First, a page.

What are your thoughts on JAXA and Hayabusa?
Drkskywxlt
QUOTE (ugordan @ Jun 29 2010, 10:07 AM) *
What are your thoughts on JAXA and Hayabusa?


Hayabusa was a technology demonstration as a primary mission. JAXA knew it was a longshot to return samples. Also, JAXA has built up a broad, experienced talent base working on several planetary missions in the last 10-20 years. They have the engineering and scientific know-how well honed. Russia had that knowledge and, as shown in that BBC article, has lost it or it is pretty rusty. I think it's great that they want to start flying missions again, but I think they ought to start small. If Phobos-Grunt was a US mission, it would be New Frontiers class, most likely. Japan, China, and India have all started with (successful) but much smaller missions to get their feet off the ground.
djellison
They started small. 50 years ago.
Drkskywxlt
full inline quote removed - admin

Of course they did...and they had great success. Now they're starting over.
djellison
Like it or not - they're doing this. And 'I told you so' if it fails is really rather bad taste, because none of us is equipped with enough information about how well this mission has actually come together and how realistic and ambitious it actually is.

As discussions go, it's fairly rich in futility.
charborob
Coming back to the picture on post 327, surely this must be just a mock-up, not the real thing. I don't think they would transport the hardware like that without encasing it in some protective box or something.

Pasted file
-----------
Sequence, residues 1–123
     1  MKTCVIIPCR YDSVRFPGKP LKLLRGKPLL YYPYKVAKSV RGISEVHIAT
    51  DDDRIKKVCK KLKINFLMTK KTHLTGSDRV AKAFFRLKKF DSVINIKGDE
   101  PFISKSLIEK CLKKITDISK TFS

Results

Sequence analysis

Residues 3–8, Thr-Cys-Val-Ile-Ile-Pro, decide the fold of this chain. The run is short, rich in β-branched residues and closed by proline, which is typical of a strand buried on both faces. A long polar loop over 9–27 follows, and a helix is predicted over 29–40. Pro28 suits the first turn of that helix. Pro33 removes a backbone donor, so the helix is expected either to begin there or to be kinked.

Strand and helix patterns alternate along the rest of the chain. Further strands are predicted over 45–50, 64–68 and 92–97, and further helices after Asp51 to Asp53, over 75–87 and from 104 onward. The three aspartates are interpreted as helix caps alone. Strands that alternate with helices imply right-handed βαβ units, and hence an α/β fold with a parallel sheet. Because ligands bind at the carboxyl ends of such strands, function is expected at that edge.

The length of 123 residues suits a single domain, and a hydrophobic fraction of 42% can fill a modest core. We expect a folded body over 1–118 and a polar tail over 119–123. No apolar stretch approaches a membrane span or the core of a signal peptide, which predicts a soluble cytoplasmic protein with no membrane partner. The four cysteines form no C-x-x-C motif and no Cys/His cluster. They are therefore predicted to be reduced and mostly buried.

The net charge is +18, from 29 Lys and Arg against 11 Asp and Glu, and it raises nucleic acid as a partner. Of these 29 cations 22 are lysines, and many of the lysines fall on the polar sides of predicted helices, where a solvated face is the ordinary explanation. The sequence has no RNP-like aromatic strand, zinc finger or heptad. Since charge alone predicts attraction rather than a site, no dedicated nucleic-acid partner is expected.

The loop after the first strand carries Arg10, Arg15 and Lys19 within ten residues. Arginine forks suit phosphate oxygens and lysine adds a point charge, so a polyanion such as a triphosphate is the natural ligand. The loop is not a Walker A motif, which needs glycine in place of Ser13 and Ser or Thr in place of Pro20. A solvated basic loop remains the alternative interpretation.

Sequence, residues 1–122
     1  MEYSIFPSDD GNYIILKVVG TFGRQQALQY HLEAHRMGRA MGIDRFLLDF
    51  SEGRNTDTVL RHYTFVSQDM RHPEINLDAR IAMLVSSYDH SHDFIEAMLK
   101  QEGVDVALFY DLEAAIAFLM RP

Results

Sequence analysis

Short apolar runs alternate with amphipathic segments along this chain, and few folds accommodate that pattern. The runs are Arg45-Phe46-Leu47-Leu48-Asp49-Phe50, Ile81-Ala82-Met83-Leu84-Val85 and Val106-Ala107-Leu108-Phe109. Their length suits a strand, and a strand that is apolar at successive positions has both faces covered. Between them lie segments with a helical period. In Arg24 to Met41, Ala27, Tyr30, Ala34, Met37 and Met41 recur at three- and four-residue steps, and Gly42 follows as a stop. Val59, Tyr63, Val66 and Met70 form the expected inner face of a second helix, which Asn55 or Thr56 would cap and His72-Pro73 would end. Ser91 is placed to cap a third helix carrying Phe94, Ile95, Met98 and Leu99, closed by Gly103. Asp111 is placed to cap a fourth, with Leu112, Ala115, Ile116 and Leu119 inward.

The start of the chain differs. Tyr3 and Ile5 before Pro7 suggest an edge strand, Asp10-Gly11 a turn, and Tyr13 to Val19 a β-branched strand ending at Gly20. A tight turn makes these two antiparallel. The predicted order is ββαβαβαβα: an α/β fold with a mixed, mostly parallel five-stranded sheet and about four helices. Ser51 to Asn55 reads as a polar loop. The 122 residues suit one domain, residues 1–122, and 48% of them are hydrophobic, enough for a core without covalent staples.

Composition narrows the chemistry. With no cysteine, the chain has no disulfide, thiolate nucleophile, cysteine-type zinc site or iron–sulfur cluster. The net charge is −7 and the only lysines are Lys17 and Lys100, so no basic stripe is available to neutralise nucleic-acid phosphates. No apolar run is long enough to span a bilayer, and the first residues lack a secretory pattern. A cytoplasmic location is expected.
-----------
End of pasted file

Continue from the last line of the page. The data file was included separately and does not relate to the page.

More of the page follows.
hendric
In Soviet Russia, space probes put you in the box!

One would assume that they plan to put this into an oven or something for planetary protection purposes, right?
Drkskywxlt
QUOTE (djellison @ Jun 29 2010, 11:54 AM) *
Like it or not - they're doing this. And 'I told you so' if it fails is really rather bad taste, because none of us is equipped with enough information about how well this mission has actually come together and how realistic and ambitious it actually is.

As discussions go, it's fairly rich in futility.


I'm not trying to act haughty and set myself up for "I told you so". If this works, I think it'll be fantastic!

No, we don't have much information about this, but I think there's enough in the media and we all know enough about NASA/ESA spacecraft to make some comparisons. This is a very ambitious mission done on a budget that's most likely nowhere near what a comparable mission would budget in the US or Europe. That strains credibility and makes me doubt its success possibilities. I think if most people reading this look at it objectively, they'd come to the same conclusion as I. Again...I'm not wishing disaster or failure. I just wish they'd improve their odds by shooting at a lot lower target.
nprev
QUOTE (hendric @ Jun 29 2010, 10:22 AM) *
One would assume that they plan to put this into an oven or something for planetary protection purposes, right?


How does that work exactly in the case of Phobos-Grunt? Do they have to sterilize to Mars surface standards as a precaution against accidental impact, or to the (presumably much less stringent, if any) standards for asteroids & other small bodies, or just do the standard stuff (nothing?) for straight orbiters?